Two Dreams

My sister, Lindsey once sent me a link to a public radio story about three things you should never talk about.  One of the three was dreams.

But, sometimes even public radio gets it wrong.

Last night I had two dreams.

The first took place at a work function.  Maybe a fundraiser, maybe a concert, I can’t say exactly.  All I remember is that it was an event for work and I was expected to be at my best and instead I was shitfaced.

Legless and shitfaced.

I was both in and outside of myself – though both places felt pretty awful.  Inside I was dizzy, spinning with all of this self-loathing witty banter that just wouldn’t come out right.  And outside I was raging with disappointment and judgement.

The outside me was holding my hair back as I hurled again and again – in between puking cries of “I’m sorry” and “I’m a fucking idiot.”

Then colleagues started siphoning in – none of them outwardly condemning, but instead conveying genuine concern or helping me devise moderately believable excuses.  Both made me feel even worse.

Then, hunched over the toilet, I concentrated on my reflection in the shiny flush – met my own eyes and said, “I do not believe this is happening.  Wake up.”

And I did, safely in my own bed, with my son buried in between my husband and me and not a trace of vomit, or booze, or unfixable mistakes anywhere.

I took a deep breath and returned to sleep.

This time in a mall of sorts – but not for pleasure.  I was there for business.  A potential partner meeting with Briggs in tow.  We went into a store, but not the store where my meeting was and so…this is painful to write…so, I left Briggs, on purpose with someone I didn’t know and then went to my meeting.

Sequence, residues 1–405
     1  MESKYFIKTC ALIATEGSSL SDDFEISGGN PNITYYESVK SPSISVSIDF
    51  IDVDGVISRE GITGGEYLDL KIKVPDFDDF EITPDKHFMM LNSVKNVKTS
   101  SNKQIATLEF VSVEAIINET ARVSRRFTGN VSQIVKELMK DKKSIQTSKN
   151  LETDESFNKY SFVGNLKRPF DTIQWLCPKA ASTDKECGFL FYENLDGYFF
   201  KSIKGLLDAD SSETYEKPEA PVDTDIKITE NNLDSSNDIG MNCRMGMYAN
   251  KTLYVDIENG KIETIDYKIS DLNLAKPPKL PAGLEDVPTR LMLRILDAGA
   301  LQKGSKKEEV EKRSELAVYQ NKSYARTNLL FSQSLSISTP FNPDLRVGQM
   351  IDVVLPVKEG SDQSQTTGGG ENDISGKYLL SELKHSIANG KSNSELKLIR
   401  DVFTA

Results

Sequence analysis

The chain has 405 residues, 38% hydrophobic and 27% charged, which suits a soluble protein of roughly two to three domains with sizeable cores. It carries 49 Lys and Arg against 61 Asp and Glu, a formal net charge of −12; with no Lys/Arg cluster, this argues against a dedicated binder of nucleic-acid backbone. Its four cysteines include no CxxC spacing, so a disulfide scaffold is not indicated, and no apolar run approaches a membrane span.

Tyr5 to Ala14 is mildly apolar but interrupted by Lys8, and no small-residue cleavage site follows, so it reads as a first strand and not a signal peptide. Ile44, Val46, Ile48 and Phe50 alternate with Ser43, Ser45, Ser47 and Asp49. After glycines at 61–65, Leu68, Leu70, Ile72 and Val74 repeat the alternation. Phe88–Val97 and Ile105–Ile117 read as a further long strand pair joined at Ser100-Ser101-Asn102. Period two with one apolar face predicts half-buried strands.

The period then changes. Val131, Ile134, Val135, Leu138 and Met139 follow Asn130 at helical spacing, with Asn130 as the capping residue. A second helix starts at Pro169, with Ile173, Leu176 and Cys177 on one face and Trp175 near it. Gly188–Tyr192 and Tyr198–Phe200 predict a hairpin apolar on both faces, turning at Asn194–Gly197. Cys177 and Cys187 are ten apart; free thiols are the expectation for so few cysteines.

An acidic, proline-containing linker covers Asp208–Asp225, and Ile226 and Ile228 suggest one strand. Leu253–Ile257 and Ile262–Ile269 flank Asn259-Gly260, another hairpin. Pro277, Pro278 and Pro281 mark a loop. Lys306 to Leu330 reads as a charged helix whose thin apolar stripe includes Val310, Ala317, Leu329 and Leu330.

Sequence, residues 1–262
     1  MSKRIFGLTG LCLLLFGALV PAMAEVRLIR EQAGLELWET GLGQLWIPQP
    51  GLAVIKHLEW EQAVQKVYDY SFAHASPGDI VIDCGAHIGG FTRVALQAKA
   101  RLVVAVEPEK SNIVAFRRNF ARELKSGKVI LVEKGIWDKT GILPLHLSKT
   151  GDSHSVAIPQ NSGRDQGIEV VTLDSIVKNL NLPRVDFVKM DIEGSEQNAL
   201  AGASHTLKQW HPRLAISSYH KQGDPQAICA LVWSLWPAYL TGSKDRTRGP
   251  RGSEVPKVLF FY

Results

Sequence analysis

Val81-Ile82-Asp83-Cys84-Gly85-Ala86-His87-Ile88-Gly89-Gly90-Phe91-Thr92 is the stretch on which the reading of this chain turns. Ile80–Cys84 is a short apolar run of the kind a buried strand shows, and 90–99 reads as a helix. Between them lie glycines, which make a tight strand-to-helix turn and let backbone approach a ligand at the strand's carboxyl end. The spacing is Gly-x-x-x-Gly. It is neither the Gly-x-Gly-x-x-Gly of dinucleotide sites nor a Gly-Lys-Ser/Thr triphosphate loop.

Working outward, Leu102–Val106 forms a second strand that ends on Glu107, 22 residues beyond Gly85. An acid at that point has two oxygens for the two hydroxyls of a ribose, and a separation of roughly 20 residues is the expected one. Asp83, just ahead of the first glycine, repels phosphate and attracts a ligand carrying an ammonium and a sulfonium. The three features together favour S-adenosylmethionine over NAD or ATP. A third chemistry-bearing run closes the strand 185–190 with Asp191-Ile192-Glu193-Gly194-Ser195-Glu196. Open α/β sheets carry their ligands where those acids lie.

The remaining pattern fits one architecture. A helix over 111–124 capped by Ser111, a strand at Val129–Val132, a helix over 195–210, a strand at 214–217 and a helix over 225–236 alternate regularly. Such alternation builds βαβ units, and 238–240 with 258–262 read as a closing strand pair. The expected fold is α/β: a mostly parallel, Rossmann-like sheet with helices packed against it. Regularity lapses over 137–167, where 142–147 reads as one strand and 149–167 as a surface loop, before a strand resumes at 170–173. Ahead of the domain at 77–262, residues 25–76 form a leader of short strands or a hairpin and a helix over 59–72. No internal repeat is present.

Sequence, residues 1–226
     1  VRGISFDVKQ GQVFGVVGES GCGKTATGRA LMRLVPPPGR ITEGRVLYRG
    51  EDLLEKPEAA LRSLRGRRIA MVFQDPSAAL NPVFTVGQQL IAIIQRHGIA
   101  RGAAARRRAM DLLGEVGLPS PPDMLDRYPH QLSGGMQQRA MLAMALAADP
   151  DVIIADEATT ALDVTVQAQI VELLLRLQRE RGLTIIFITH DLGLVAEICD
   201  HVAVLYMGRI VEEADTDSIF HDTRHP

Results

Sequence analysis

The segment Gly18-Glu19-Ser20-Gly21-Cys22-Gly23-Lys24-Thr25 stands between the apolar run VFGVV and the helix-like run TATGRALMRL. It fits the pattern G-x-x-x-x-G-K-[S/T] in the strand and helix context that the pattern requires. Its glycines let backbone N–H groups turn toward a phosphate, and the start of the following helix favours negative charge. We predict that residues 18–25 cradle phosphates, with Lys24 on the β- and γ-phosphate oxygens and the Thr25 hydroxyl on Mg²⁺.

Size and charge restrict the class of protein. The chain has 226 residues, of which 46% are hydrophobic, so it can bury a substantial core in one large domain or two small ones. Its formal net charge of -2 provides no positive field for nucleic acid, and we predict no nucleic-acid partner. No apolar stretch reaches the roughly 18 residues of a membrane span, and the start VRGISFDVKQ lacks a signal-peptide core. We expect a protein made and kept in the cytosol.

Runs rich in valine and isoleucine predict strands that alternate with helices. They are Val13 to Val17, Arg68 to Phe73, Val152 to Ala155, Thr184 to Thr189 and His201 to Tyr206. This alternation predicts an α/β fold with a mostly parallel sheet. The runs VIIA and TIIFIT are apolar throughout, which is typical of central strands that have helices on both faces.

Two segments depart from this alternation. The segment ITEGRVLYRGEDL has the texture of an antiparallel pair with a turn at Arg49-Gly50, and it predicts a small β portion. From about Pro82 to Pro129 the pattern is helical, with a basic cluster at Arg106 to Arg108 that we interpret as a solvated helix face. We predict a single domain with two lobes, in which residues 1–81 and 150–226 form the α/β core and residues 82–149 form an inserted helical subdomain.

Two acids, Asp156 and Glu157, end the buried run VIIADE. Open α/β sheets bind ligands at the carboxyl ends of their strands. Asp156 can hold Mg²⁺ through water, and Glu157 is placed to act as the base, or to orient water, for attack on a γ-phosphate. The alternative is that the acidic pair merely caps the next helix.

Soon after, I allowed myself to fully feel that I had just abandoned my son.  The feeling was worse than empty…rather, permanently empty.  I raced back, but he wasn’t where he was.  And as I’m on the brink of a catastrophic undoing from which I am certain my pieces will never quite fit ever again, I stare hard into the floor to ceiling glass walls and this time I scream:

“I WILL NOT BELIEVE THIS IS HAPPENING. I WILL NOT BELIEVE THIS IS HAPPENING. WAKE UP!”

And I do – sweaty and crying and remarkably grateful for Briggs’s foot jabbing into my ribs. (Again.)

This time I do more than breathe.  I pray:

Thank you.  Thank you for helping me build, out of the lumber of my life, something that is this strong, and good, and kind, and loving.  Thank you for the lessons, and the challenges, and the troubles, that are not really troubles at all.  Thank you for the power to wake up from what is dark and terrible and be surrounded, wrapped up even, in all of this love and warmth and light.  Thank you.  Thank you.  Thank you.

 

 

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